"There are so many kids that want to come to North America to play basketball," Russotti said.
Unlike Prolific Prep North, the norm among National Preparatory Association teams is to be connected with an established school. In the Vancouver suburbs, at the B.C. Christian Academy, American coach Kimani Shotwell has also put together an international roster. Shotwell previously was a leading high school coach in Alaska. The Christian Academy prep team will train at nearby Fortius Sport & Health in Burnaby.
"Everything we do we want to do on an elite level," Shotwell said.
In Ottawa, Tony House has started Canada Topflight Academy and the program partnered with Notre Dame High School and the Ottawa Catholic School Board. House, who runs a marketing company, is looking to sell more than $250,000 of sponsorships for Canada Topflight.
"We're running it like a pro team," House said. "This is where it's going."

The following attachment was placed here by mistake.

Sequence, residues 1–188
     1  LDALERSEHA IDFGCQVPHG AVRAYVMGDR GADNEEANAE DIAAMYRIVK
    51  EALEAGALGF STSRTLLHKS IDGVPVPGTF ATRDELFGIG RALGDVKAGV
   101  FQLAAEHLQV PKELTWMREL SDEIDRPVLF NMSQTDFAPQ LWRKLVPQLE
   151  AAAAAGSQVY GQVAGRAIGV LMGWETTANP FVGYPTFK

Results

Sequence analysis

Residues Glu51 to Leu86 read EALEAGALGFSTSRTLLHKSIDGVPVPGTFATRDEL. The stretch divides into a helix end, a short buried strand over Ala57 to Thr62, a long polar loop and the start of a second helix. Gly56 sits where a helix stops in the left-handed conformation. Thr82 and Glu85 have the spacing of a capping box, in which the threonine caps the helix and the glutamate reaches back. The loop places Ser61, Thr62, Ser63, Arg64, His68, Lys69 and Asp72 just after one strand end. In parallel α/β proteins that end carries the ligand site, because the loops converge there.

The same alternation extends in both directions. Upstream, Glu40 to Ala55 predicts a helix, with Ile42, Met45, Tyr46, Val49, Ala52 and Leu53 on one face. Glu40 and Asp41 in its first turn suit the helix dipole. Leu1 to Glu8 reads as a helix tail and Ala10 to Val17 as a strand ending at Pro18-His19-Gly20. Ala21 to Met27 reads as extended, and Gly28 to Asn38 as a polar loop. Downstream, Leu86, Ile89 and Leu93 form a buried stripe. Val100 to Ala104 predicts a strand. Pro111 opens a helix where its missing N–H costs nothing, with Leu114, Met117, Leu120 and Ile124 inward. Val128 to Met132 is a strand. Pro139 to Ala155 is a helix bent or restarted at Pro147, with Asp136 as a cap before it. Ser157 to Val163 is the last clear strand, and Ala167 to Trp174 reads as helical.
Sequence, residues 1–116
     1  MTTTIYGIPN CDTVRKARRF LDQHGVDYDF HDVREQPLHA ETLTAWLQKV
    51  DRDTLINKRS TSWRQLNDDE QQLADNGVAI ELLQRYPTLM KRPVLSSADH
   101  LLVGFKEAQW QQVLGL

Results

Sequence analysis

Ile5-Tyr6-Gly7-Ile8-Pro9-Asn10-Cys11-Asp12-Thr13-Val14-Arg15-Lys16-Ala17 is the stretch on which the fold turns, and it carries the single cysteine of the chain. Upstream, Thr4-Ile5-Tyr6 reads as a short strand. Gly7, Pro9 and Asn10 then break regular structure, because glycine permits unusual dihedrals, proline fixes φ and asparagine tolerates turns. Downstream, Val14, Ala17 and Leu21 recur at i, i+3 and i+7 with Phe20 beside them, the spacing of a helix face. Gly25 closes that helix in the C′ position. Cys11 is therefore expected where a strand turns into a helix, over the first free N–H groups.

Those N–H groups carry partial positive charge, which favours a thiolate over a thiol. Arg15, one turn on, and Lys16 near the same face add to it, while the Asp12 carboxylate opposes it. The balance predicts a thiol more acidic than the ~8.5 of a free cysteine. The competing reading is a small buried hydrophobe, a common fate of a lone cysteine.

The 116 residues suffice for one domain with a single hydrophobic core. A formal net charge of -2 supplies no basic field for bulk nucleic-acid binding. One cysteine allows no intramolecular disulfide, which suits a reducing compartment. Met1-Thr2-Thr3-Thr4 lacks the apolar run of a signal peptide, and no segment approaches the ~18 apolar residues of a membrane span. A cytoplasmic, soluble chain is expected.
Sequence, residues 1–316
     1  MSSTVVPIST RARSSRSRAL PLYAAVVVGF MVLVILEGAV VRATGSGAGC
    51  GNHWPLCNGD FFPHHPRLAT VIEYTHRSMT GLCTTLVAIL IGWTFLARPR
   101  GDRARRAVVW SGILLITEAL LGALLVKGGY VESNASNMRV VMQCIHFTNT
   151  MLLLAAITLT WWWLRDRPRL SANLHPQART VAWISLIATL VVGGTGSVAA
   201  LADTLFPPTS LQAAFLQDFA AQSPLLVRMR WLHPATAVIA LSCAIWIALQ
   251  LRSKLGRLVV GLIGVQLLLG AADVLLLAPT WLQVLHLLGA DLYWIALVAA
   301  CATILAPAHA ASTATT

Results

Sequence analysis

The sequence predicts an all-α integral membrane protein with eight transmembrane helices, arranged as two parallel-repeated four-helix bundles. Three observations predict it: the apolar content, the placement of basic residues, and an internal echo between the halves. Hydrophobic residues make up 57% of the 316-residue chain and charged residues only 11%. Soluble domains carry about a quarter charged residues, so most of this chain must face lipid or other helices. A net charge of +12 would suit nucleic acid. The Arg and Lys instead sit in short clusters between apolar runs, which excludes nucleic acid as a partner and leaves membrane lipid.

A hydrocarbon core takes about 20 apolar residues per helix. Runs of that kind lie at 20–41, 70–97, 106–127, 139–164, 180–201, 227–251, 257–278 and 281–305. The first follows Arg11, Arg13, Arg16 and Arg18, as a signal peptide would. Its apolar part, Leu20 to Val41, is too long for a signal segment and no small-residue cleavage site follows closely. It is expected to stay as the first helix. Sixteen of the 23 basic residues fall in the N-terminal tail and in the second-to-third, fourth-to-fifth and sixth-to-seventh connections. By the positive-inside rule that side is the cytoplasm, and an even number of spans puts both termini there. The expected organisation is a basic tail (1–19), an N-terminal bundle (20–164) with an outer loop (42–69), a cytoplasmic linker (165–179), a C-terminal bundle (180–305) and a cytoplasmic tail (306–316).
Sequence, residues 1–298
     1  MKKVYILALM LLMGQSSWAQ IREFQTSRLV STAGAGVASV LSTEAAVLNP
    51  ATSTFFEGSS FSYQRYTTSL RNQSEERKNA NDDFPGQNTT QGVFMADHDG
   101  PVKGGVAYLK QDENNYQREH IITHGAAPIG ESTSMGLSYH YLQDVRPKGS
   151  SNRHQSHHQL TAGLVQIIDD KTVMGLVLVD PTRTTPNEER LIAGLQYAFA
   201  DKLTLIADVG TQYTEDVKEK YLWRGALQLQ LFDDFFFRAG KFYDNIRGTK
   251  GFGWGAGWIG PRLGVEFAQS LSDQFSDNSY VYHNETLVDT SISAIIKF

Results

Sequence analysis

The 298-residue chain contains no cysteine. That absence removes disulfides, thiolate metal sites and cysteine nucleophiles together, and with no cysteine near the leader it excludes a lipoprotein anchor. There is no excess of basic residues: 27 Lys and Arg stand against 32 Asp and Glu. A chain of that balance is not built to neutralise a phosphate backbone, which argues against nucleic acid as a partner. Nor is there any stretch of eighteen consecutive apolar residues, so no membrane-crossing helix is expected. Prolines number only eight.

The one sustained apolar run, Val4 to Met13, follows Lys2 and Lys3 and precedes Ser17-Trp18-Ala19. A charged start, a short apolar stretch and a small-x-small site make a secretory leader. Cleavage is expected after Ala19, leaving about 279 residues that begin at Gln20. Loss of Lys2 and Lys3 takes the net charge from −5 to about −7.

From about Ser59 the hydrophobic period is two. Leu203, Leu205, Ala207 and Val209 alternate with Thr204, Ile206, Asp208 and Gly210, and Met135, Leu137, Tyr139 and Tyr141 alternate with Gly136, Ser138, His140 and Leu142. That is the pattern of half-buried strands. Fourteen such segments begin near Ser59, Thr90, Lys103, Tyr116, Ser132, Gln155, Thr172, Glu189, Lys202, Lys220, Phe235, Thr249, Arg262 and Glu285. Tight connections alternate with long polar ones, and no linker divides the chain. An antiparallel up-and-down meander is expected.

Rowan Barrett, executive vice-president of Canada Basketball, said it is too early to judge the National Preparatory Association. Barrett noted there's Canadian talent far beyond Toronto, pointing to Lindell Wigginton from Halifax, who stars at Oak Hill Academy.
Canada Basketball, which has a representative on the board of the Ontario Scholastic Basketball Association, is working on national standards for prep programs.
Sbiet, the National Preparatory Association executive director, predicted the new league could become a "NBA factory."
Numerous items, however, are not yet public, including a schedule, a governing structure, or academic guidelines.
A national championship is set for late March in Toronto.
"It's going to be something special," said Sbiet of the new league.